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PUBLIC FINANCING OF CAMPAIGNS PROPOSAL GOES TO BALLOT

City of Seattle seal

City of Seattle seal

On Monday, June 24, the City Council unanimously adopted an ordinance sending a proposal for public financing of campaigns to the November ballot. If adopted by the voters, the proposal would authorize the Council to authorize a small property tax increment (about $4 per household) in order to provide the opportunity for candidates to secure most of the funding for their campaigns from public resources instead of private donations.

Seattle had a similar program in effect until 1994, when the authorization for public campaign financing was repealed by the State. That authorization was restored in 2008, but at that time the Council decided that the midst of a recession was not a good time to present this program to the voters. Now that Seattle is fully into the recovery, we decided that it would be appropriate to ask the voters’ guidance on whether public financing of campaigns was a priority.

The idea of reducing the role of private money in campaigns was popularized in the 1970’s by Common Cause, and the Presidential election check off on the 1040 form was adopted as the first step at the national level. Since then, public financing at the national level has languished, with both Presidential candidates declining public financing in 2012. However, a number of states and localities have been experimenting with it over the last few years.

The Seattle proposal would provide up to $210,000 in matching funds for Council candidates who secure 600 donations of at least $10 from Seattle residents. Donations up to $50 per person would be matched at a 6 to 1 ratio until the maximum of $210,000 was reached. Candidates who accept public financing would be limited to spending $245,000 for the campaign, unless they faced an opponent who was spending significantly more, in which case they would be allowed to raise additional private funds and exceed the cap.

There are a number of arguments for public campaign financing. The ones that are most relevant to Seattle are:

  • It encourages a broader range of candidates to consider running.
  • It encourages candidates to seek larger numbers of small donations.
  • It sends a message that the role of private money in campaigns should be reduced.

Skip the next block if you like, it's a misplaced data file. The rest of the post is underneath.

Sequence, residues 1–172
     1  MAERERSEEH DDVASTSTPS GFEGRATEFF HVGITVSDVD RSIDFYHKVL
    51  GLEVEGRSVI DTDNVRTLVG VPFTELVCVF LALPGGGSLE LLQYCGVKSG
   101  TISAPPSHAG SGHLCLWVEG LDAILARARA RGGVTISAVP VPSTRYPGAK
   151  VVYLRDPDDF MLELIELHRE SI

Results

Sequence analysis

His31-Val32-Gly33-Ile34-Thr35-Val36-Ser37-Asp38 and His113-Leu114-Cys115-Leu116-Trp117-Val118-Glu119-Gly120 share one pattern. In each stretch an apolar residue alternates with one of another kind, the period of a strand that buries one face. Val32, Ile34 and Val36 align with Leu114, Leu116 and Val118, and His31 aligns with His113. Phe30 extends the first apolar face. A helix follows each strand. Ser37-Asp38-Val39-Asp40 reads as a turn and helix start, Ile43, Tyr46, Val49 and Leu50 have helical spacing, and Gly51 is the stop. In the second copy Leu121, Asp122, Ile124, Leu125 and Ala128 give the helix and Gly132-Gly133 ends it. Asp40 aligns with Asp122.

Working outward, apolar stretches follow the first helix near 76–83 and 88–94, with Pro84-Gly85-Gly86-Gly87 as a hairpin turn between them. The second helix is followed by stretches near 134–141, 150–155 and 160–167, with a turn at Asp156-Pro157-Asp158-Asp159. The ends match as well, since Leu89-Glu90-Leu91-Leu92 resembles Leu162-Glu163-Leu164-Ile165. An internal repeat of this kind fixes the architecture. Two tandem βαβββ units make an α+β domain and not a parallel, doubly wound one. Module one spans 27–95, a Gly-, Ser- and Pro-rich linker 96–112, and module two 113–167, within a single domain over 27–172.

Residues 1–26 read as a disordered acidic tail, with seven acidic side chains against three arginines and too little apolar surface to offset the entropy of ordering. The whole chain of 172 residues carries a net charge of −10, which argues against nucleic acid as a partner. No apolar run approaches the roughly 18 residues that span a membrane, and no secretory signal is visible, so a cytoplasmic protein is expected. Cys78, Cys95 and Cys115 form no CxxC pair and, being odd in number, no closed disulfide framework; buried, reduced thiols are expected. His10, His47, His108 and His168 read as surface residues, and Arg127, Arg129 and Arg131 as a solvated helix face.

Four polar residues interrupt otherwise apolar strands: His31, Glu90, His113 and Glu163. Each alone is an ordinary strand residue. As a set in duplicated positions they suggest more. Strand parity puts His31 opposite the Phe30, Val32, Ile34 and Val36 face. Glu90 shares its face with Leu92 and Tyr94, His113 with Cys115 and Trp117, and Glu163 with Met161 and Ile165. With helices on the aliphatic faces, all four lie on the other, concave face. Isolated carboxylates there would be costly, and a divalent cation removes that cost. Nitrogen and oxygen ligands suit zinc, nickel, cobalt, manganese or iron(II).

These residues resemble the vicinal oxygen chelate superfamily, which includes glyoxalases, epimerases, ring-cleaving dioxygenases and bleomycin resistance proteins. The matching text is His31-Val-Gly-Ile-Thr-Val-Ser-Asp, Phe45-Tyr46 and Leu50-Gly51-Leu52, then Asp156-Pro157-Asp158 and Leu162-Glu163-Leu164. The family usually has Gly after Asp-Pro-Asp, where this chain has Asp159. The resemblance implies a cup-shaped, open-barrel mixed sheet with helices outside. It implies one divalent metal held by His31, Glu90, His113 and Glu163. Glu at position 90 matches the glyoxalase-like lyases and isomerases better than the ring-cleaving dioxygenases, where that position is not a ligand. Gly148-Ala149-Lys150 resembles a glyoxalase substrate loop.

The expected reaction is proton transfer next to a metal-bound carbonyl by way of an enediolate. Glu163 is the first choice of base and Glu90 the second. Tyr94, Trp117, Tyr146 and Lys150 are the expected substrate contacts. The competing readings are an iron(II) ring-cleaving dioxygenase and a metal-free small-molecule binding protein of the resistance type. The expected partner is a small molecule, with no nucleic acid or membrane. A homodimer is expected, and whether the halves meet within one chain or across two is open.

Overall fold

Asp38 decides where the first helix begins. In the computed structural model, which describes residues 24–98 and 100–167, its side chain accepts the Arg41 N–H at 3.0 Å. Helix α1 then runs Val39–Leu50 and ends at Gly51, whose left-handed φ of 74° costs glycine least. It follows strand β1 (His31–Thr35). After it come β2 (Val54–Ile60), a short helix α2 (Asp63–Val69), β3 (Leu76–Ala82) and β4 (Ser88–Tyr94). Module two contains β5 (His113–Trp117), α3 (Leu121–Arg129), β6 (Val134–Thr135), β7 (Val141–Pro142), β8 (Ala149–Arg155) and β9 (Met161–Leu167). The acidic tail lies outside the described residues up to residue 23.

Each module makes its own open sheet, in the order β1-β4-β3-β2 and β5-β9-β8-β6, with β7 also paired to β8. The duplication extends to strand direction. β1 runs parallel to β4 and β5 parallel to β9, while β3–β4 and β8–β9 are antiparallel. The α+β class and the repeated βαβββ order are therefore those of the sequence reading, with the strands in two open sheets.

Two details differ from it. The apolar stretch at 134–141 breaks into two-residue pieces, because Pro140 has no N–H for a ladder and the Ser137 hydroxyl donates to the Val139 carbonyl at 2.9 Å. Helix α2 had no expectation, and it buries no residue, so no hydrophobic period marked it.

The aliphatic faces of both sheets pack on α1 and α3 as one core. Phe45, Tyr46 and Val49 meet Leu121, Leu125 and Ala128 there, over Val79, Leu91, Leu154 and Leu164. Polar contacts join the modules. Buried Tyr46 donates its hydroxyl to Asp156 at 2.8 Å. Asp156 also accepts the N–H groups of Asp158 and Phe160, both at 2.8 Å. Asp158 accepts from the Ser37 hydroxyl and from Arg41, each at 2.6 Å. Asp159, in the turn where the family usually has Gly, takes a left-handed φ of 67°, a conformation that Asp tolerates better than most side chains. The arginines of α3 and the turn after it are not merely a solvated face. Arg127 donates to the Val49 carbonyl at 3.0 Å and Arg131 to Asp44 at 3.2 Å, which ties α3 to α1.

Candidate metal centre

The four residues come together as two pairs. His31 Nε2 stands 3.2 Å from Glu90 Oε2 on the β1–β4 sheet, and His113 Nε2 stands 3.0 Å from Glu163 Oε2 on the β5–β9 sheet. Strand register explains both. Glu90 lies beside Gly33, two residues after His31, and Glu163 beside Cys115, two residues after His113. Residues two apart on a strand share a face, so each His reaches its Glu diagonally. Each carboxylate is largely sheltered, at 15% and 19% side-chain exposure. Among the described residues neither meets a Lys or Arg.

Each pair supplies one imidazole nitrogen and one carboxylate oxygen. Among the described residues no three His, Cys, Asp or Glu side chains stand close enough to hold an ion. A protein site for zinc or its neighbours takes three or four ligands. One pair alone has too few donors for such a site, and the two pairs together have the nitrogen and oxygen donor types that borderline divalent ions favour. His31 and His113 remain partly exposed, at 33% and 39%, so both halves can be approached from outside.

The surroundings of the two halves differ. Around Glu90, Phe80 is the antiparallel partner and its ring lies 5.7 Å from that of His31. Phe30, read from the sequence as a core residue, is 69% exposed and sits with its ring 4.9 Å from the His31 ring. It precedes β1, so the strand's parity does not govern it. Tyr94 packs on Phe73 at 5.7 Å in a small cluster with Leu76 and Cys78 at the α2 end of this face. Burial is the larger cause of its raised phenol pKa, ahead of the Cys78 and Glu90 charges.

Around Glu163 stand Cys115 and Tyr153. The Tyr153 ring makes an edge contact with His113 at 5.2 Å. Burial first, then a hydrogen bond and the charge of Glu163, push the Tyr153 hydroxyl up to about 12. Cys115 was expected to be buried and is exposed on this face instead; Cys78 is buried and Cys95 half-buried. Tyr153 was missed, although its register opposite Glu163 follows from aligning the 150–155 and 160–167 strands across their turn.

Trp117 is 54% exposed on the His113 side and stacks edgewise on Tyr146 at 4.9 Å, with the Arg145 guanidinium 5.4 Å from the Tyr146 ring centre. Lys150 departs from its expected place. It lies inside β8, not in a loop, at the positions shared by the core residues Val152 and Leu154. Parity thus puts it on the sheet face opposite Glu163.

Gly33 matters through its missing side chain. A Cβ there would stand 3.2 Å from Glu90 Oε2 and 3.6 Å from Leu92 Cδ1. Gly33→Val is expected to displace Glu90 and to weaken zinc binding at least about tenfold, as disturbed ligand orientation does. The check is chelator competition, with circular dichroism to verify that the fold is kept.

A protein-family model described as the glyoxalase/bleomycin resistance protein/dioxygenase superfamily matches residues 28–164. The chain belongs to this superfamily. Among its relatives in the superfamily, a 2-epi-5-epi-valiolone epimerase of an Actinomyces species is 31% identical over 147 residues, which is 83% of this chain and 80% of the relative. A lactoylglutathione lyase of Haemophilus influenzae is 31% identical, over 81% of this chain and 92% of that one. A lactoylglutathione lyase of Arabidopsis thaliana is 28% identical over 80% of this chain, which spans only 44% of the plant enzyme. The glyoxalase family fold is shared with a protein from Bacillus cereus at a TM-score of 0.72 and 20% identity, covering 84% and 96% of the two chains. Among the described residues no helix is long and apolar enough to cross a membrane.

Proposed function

• It frees candidates to spend more time campaigning and less time raising money.

While these are good arguments for the program, most public financing programs have been targeted at political systems where entrenched incumbents raised very large amounts of money from large donors and intimidated or vastly outspent those without connections. In Seattle, campaign spending for City Council is quite modest, averaging only about $1 per voter – in contrast, candidates in many cities spend $50 to $100 per voter. In comparison to other cities, Seattle has more competitive elections and a lower rate of reelection for incumbents. And Seattle has a strictly enforced campaign contribution limit of $700 per person, which requires candidates to develop a broad base of campaign contributors.

Public financing has also sometimes been prompted by public concern over real or perceived corruption. However, Seattle has a very clean election record, and, again, the contribution limit and a vigorous enforcement process through the Seattle Ethics and Elections Commission have kept Seattle politics on the straight and narrow. When I try to explain our only recent scandal, the “Strippergate” fiasco, to people from other cities, they are impressed that accepting contributions (within the legal limit!) related a small issue (a zoning modification to allow some parking spaces adjacent to a business) was a major factor in the defeat of two Councilmembers. When I further explain that another Councilmember was fined a thousand dollars for accepting a $10 lunch, they are incredulous. To be clear, I applaud the strong enforcement actions – but they are an argument that the current system works quite well!

So, on balance, the benefits from a public financing system in Seattle are modest compared to many other places where it has or could be adopted. But they are real benefits, and I and the other Councilmembers believe that it is appropriate to ask the public to consider adopting this proposal.

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